Menopause causes your body to undergo many changes.
Preparing for the changes and symptoms you can experience may be easier if you understand the process your body is going through.
Natural menopause occurs when:
- Your ovaries naturally stop producing the hormones estrogen and progesterone
- You go 12 consecutive months without having a period
- No other biological or physiological cause can explain the missed periods
When does menopause begin?
Menopause begins at different times for different women, but most can expect it between the ages of 45 and 55. Whether you have reached menopause naturally or it has occurred due to surgery of the uterus and ovaries (called a hysterectomy and bilateral oophorectomy), this loss of estrogen can result in a variety of physical symptoms.
Common menopausal symptoms include hot flashes, night sweats, and vaginal symptoms that may vary in intensity. Bone loss may also occur as a result of the change in your body’s estrogen levels. When bone loss happens due to menopause, it can lead to osteoporosis.
A transition in 3 stages.
During this time of your life, your body usually moves through three gradual stages, unless your menopause is a result of surgery to remove your ovaries (bilateral oophorectomy), which ends the cycle immediately.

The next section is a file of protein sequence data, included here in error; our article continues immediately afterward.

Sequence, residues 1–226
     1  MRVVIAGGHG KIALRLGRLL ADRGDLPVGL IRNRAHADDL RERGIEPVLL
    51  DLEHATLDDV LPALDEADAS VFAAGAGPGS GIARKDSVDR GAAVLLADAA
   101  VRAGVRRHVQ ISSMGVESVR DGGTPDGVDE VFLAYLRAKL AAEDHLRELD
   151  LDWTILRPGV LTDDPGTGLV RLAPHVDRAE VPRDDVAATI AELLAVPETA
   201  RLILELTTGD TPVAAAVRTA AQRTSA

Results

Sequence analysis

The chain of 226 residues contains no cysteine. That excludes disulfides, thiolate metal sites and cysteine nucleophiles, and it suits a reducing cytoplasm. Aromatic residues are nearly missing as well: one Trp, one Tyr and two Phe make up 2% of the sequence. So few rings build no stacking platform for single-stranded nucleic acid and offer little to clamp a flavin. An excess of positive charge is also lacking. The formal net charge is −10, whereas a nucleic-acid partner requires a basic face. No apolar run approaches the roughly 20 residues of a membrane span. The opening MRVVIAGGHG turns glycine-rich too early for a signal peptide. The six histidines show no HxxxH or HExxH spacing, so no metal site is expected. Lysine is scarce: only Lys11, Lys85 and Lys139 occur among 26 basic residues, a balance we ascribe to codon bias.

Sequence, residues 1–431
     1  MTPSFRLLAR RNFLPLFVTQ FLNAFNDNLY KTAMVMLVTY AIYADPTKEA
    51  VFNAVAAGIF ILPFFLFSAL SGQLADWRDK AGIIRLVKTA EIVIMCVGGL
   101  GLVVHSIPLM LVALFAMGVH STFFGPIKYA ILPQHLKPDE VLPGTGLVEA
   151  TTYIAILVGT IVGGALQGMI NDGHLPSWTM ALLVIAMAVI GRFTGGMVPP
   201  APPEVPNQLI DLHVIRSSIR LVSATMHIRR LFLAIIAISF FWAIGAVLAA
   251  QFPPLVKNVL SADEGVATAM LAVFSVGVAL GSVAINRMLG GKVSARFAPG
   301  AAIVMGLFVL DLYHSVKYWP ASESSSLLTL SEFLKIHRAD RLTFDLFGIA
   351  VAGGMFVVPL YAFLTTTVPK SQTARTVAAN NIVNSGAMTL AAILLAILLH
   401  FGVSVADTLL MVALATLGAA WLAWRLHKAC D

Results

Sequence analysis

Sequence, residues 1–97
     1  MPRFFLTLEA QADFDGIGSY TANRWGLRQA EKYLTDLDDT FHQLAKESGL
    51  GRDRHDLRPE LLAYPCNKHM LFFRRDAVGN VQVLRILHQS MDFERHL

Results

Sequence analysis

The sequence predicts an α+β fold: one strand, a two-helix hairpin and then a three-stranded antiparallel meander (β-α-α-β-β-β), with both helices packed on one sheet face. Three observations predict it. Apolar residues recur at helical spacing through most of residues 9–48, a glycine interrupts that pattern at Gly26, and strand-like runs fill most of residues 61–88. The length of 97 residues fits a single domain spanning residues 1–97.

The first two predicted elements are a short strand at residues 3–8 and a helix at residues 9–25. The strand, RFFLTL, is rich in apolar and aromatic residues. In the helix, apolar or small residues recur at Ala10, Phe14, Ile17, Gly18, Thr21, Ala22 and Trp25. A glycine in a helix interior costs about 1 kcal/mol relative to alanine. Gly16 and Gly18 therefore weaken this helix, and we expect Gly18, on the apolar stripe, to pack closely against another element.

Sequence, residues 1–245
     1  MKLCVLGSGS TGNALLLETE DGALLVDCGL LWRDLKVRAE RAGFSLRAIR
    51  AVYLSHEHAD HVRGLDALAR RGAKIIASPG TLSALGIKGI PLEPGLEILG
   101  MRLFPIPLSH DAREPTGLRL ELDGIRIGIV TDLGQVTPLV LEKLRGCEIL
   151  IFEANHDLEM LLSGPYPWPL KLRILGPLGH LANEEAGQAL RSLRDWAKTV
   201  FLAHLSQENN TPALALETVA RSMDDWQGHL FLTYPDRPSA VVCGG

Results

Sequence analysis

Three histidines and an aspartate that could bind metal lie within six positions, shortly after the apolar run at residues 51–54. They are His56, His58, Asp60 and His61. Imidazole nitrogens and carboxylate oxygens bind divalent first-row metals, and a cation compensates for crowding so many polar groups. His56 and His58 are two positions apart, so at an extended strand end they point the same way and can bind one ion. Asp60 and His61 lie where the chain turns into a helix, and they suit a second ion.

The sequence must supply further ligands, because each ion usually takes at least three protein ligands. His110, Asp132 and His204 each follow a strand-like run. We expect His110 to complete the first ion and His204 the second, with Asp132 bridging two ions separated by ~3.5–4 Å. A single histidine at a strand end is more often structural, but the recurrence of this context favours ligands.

Perimenopause: Perimenopause is the time when estrogen production from your ovaries starts to decline and symptoms such as erratic periods, hot flashes, and vaginal dryness may begin. Most women reach this stage of the process in their late 40s.
Menopause: Menopause is identified by the passing of your final menstrual period. Of course, you will not be able to pinpoint your final period until you've been completely free from menstruation for some time. Once you've gone a full 12 months without having your period, count back to the time of your last period and that date is the date of your menopause. While the time of menopause is different from woman to woman, most begin between the ages of 45 and 55.
Postmenopause: Postmenopause is the stage of life after your final menstrual period.
It's important to talk to your doctor or other healthcare professional about the effects these changes may have on your body and your health.